13 comments:

bookjunky said...

Why is it that Xians love Pascal's wager so much? It is the single most asinine "argument" in your artillery.

You could be wrong about millions of things but the probability is close to zero on most of them, and it's pretty obvious which those are. Christanity is among those with close to zero probability.

Atheists are fully willing and able to look at any evidence Xians present. Most of us have in the past, and continue to be open-minded. The evidence is just not compelling to anyone who doesn't already have "faith".

John Morales said...

I've just read BB's post on this, and feel inclined to address your question.

"The question still remains, what if you’re wrong, but what if I am right?"

Well, if you're right, there's an omniscient, omnipotent, benevolent deity. If you're right, this deity chose for my atheistic beliefs to be what they are, which means I'm going to Hell.

See the contradiction? :)

Jake & Elwood Blues said...

What about free will John? That was your choice, not His. Read this I left with BB.

No really Barefoot, I was being serious about the Darwin Award. You don’t know some of the people I associated with in college. Some probably have, or at least should have voluntarily removed themselves from the gene pool. ; )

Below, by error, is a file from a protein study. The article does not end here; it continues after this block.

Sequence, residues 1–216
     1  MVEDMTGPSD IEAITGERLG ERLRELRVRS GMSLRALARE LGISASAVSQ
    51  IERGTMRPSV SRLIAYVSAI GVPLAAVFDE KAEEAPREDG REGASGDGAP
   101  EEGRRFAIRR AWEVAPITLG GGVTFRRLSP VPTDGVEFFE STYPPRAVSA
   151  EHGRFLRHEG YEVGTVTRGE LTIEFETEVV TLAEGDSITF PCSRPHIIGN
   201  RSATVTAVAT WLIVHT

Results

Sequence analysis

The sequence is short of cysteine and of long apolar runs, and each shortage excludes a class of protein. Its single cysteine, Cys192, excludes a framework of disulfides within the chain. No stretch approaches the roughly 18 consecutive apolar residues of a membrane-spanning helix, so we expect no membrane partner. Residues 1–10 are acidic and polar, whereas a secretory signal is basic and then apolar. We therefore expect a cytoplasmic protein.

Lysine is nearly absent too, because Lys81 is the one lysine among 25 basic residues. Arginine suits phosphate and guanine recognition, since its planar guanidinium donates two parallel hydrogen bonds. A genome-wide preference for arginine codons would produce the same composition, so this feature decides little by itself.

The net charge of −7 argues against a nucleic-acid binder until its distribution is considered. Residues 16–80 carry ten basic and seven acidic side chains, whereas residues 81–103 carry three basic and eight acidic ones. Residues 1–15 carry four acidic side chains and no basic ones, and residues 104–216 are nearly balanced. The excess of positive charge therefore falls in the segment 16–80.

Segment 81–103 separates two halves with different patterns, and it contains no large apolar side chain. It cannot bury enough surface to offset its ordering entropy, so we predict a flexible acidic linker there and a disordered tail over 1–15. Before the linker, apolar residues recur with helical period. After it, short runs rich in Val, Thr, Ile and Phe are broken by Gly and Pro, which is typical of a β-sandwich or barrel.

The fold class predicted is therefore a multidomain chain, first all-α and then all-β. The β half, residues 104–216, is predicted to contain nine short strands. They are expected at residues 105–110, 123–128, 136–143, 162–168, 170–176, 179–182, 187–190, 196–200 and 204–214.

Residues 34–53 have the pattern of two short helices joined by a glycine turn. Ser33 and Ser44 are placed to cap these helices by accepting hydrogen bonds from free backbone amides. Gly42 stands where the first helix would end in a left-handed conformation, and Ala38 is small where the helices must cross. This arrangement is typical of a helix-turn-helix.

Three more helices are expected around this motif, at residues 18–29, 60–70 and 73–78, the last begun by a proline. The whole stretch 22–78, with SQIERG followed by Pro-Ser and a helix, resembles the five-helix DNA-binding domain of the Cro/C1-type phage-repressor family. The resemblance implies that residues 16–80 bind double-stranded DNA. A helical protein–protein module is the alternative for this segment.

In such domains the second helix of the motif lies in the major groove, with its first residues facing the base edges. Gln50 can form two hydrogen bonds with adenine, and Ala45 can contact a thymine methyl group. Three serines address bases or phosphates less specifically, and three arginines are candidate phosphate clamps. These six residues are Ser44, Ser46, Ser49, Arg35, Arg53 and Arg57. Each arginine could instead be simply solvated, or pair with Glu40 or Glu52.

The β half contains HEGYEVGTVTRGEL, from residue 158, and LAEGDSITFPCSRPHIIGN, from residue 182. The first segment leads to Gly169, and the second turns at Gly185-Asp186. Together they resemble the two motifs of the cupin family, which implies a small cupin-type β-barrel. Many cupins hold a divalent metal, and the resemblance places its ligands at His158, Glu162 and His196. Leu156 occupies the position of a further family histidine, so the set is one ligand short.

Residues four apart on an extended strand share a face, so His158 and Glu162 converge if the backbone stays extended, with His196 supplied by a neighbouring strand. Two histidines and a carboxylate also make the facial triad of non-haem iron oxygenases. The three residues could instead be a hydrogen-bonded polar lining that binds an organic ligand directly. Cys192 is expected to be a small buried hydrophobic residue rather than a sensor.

To be perfectly honest I was not specifically citing Pascal's wager per say but thank you atheist, and the others who have responded here and on my blog, for pigeonholing my blog. Thank you Barefoot for not jumping on that bandwagon, your patience is appreciated.

It seems pretty weak to just say, "Yeah. Pascal's Wager, (i.e. believing in God solely because you are afraid of roasting), is pretty much the lamest thing ever."

Do you really realize how "lame" and over simplified that statement sounds?

Not that I am an expert on Pascal but the wager also highlights benefits of believing in God as well. One point of contention that I noticed was that Pascal believed the creator to be a Judeo-Christian God. I agreed with most of the postings that I read that one could "get it wrong". It is quite a dilemma which leads me to several questions and one statement / question:

1. Is it easier to say there is no God and therefore not have to make a choice or be concerned about the possible consequences of said decision?